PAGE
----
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Have you heard of Ahrefs before but not sure what it’s for or maybe are unsure how to use it? In this in-depth article, we will discuss what Ahrefs is good for, the basics behind it and how to use it to analyze either your own site or how to analyze a site you might be looking to purchase.

What is Ahrefs?

Ahrefs.com is an online tool set that optimizes SEO and backlink analysis. It is the leading backlink checker in the industry, providing an in-depth examination of backlinks while simultaneously offering other SEO tools such as a keyword research tool, a content research tool, a site audit tool, a site explorer tool, a rank tracker and an organization of organic traffic data. Ahrefs differentiates itself from all other backlink services with the largest base of live links and the best speed of index updates. Ahrefs offers four different paid plans that provide access to a range of features. The first plan, Lite, is valued at $99 per month and provides the most basic features. The Standard plan, at $179 per month, provides an extension on the Lite features and includes some new ones. With each plan, more features are included and extended upon. The third plan, Advanced, is valued at $399 per month and the fourth and final plan, Agency, is valued at $999 per month. A reduction of 20% off these prices is available when you purchase an annual plan.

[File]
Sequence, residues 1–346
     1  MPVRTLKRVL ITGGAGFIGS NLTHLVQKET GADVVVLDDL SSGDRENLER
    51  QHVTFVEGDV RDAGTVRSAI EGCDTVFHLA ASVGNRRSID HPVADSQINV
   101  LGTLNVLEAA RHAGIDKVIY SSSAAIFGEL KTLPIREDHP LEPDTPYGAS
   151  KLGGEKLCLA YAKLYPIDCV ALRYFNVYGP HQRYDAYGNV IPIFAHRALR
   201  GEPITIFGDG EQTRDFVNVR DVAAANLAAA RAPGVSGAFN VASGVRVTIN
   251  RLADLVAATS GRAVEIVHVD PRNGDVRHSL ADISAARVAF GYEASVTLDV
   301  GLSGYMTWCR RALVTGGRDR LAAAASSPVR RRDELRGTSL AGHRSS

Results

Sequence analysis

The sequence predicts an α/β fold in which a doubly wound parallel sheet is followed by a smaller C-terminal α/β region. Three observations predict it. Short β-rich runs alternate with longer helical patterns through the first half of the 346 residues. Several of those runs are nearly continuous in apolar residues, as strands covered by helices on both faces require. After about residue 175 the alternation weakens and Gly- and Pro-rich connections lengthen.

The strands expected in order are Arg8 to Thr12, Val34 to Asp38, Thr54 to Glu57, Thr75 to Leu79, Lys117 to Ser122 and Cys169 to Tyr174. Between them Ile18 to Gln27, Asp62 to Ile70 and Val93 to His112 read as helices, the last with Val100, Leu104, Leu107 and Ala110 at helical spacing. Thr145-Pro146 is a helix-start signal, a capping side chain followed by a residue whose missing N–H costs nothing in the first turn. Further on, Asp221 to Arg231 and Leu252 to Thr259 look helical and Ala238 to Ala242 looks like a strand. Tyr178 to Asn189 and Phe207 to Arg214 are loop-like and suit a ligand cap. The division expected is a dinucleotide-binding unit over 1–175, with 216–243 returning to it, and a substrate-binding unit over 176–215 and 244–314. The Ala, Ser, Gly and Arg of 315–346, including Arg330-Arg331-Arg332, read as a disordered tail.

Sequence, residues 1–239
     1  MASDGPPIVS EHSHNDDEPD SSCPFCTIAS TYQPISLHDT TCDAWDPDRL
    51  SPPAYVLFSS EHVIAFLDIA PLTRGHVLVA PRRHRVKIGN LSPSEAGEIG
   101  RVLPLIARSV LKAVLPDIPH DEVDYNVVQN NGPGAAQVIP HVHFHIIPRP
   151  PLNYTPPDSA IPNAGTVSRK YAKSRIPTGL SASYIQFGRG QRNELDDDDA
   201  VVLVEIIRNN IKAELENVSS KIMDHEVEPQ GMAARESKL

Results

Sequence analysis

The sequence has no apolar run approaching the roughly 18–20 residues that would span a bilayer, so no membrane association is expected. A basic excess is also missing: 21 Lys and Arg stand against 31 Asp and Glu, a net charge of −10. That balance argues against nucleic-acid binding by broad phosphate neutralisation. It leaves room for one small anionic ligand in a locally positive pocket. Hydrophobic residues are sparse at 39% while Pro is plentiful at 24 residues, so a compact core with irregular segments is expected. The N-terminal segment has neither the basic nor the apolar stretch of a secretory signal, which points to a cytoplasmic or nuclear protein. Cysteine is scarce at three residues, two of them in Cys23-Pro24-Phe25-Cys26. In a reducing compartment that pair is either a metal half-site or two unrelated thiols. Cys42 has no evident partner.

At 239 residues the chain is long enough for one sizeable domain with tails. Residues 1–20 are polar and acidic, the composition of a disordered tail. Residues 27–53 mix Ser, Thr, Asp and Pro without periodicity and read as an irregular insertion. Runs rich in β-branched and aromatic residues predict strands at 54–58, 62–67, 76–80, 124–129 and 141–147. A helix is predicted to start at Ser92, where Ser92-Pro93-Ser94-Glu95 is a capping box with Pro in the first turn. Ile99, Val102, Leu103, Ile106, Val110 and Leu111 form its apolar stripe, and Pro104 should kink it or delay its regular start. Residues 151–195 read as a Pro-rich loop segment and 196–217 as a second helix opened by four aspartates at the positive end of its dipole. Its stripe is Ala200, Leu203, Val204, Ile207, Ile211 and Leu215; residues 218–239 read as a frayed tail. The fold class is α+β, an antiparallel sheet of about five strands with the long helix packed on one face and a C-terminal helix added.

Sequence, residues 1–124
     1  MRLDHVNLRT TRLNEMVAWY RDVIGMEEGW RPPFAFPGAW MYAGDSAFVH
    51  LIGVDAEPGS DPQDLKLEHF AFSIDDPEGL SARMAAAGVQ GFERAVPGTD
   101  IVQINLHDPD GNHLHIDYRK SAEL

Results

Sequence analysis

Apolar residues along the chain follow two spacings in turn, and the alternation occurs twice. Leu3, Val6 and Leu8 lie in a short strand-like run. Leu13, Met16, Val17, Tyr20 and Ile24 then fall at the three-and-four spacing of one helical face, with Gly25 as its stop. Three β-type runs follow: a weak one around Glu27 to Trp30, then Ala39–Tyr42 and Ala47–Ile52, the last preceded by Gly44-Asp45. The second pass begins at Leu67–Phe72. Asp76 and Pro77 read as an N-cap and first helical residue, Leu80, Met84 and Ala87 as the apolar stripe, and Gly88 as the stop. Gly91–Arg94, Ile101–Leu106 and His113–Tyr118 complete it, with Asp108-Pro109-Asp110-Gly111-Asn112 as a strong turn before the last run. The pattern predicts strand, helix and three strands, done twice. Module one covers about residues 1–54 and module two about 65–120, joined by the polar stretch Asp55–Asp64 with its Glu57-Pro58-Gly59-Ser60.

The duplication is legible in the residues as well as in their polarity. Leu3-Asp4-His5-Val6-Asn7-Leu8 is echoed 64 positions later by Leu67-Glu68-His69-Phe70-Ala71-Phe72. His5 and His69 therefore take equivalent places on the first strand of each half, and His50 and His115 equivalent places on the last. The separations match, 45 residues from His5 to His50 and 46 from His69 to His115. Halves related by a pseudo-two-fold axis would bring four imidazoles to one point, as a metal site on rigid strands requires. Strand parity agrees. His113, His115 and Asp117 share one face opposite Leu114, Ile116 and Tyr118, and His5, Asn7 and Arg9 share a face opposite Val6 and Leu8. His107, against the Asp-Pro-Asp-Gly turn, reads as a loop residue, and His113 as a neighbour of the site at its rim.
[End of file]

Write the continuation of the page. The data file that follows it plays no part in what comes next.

What is URL Rating?

Two essential aspects of the Ahrefs ranking feature are the URL rating (UR) and the domain rating (DR). In a nutshell, the URL rating demonstrates the popularity of a specific website page by looking at the number of links that are directed to it. The value is a measure of the page’s popularity compared to other pages within the domain. The UR is measured on a logarithmic scale from 0-100, with 100 characterizing the strongest backlink profile of a page – not the entire domain. In creating this rating, both external links (from another website to your page) and internal links (within your website to your page) are accounted for. To locate the UR, the url for your specific webpage must be entered in the search engine at the top. The UR is one of the first ratings that come up on the home page. Here is an example using the webpage for Air Canada’s description of their fleet:

 

The calculated UR value in Ahrefs is accurate for a variety of reasons, the most prominent of which being that the “nofollow” html attribute is considered. The nofollow attribute ensures that hyperlinks are not counted in influencing the ranking of a backlink profile in a search index engine. This improves the quality of the search engine results by reducing search engine spam.

What is Domain Rating (DR)?